Potentilla is a maintenance-free shrub that likes sun - it flowers for ages (comes in various colours - white is nice) and stays at a 4ft-ish dome. You could put that on the back corner. Maybe a small tree, such as a malus (crab apple) or robinia would be nice, somewhere in the middle, just to give it a bit of vertical. Or for that matter a columnar cypress, elwoodii, or small thuja if you want it evergreen. You might consider a prostrate juniper to front the border next to the grass - they're pretty quick to grow and cover ground maintenance free. Or edging with a lavendar 'hedge' - this would just need a quick clip after flowering to keep it compact. 3-plant clumps of hardy geraniums would work well - just chop them back to ground at the end of autumn. I personally like the blues best. These too flower for ages and don't need messing about with, so lots of bang for your buck. To separate your roundy clumps you could use crocosmia, daylilies (hemerocallis), grasses, or even irises. You could also stuff in a few clumps of 5 or 6 allium 'purple sensation' bulbs for accents. Anywhere u like. Again, easy to maintain - just chop off every when they go brown. For mid-height, sedum spectabilis (iceplant) is a good easy do-er which likes sun, drought and general neglect. Flowers late in the year too, so good for continuing the show. And I'd spray that fence dark brown - shows off the greens of plants better. I'd keep foliage to greens - its too small a border imho to start mixing in varigation and purples, though you'd get away with something like euonymous fortunei 'emerald gaiety' (small evergreen shrub that'll almost climb a fence if put next to it), particularly if you had some white flowers elsewhere, as the variegation is very white, or 'emerald and gold' if you had yellow flowers, as the variagation is very yellow. If you wanted another shrubby-job, euphorbia 'wulfenii' would be lovely, maybe at the front behind the wall.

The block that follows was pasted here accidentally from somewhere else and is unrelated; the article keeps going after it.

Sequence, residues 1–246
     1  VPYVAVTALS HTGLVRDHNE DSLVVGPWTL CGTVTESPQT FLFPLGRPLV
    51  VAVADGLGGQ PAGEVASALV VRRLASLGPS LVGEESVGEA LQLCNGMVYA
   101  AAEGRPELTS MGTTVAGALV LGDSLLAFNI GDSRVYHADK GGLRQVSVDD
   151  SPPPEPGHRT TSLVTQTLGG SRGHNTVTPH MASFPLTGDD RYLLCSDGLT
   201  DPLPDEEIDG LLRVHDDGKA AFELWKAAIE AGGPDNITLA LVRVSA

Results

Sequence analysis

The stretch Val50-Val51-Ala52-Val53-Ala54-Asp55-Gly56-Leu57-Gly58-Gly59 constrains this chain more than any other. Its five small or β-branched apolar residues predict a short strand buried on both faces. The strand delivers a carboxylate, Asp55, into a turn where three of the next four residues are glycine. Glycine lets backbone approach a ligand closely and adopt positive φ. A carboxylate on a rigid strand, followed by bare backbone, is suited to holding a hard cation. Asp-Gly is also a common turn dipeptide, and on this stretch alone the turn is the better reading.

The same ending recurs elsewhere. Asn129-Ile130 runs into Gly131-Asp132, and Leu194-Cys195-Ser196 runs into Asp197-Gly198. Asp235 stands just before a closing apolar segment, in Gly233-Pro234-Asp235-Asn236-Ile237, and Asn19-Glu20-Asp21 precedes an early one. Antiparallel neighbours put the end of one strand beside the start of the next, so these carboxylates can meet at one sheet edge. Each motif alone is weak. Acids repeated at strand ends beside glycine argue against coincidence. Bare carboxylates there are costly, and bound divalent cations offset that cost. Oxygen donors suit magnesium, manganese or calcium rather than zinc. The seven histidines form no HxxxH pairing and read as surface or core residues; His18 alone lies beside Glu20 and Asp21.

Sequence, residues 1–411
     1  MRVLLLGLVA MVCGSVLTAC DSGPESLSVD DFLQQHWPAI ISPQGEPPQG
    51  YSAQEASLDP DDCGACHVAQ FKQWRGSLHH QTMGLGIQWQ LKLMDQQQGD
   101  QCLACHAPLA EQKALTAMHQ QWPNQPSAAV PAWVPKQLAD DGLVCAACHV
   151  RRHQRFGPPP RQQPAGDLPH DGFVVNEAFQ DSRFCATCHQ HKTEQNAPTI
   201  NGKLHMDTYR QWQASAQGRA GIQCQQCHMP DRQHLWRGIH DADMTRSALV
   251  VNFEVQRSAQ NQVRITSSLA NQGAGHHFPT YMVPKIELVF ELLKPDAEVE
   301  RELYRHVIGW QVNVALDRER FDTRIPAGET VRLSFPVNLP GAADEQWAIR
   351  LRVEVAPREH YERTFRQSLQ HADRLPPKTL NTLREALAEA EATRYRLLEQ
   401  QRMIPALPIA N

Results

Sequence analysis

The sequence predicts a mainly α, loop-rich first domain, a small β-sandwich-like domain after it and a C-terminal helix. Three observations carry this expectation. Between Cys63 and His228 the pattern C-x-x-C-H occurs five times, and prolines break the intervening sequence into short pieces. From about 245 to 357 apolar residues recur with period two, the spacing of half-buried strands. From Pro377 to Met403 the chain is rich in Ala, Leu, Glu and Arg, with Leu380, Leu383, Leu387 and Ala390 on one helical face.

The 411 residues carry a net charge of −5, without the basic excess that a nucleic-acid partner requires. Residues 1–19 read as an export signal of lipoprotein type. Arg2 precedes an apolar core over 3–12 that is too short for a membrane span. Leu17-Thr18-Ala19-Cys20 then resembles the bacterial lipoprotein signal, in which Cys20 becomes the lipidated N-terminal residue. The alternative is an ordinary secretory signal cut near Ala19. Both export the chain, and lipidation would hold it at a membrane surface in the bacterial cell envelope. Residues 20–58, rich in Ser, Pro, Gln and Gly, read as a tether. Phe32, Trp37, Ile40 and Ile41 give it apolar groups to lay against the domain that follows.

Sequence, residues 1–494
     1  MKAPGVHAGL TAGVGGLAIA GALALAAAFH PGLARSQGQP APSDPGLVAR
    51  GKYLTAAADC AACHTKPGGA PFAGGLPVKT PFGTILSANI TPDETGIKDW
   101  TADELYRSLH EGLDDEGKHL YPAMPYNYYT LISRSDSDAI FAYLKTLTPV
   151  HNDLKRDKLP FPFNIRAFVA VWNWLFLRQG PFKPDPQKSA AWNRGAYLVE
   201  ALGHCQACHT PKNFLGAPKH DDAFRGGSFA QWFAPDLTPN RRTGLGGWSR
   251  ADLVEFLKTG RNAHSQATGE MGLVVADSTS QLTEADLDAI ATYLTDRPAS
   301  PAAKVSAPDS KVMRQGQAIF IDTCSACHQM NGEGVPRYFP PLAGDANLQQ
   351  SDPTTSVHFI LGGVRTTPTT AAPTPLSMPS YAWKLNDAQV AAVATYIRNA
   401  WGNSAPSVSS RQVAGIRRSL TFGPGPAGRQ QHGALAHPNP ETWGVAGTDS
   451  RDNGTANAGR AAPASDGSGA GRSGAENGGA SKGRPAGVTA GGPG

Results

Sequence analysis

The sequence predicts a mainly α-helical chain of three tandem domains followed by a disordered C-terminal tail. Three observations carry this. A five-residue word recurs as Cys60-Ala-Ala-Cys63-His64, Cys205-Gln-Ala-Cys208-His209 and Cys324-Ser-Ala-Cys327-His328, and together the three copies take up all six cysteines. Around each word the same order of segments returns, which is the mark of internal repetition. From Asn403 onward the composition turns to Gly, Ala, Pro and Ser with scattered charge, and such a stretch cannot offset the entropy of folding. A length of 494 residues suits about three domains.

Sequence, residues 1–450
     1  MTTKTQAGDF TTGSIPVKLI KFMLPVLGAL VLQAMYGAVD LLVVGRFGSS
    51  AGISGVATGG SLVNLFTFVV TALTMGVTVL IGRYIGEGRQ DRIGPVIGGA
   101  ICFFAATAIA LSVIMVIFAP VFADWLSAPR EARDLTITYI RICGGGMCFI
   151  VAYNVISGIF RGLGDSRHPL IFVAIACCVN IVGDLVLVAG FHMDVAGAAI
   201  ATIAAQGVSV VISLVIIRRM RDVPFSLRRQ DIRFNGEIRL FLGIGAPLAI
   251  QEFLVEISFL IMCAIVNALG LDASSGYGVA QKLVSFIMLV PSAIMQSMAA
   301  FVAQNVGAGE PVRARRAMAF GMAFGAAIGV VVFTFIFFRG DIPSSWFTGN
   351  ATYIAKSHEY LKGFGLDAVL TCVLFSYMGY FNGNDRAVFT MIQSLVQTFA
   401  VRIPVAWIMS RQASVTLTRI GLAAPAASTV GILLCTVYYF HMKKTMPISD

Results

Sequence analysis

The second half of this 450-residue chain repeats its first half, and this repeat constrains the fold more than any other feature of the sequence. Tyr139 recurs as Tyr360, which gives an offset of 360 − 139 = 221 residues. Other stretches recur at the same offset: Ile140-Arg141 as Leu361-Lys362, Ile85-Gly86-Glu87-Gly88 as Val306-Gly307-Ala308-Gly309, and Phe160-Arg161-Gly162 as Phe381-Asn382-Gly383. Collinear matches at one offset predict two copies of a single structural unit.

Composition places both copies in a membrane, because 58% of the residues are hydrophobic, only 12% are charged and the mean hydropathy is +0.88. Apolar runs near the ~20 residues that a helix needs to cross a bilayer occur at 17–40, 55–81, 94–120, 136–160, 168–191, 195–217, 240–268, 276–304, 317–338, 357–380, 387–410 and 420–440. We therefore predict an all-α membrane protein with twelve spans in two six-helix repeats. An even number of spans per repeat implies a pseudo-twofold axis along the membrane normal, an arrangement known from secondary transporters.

I'd stick with getting your contrast between neighbouring plants through their leaf shape and size rather than mixing too many different colours. And I'd plant the non-shrubby stuff in triangles of 3s or 5s - you need decent clumps if it isn't to look 'bitty'. All of the above are quick to establish, easy to maintain (and to find in garden centres), and won't go mad and take over the world! Hope that helps xx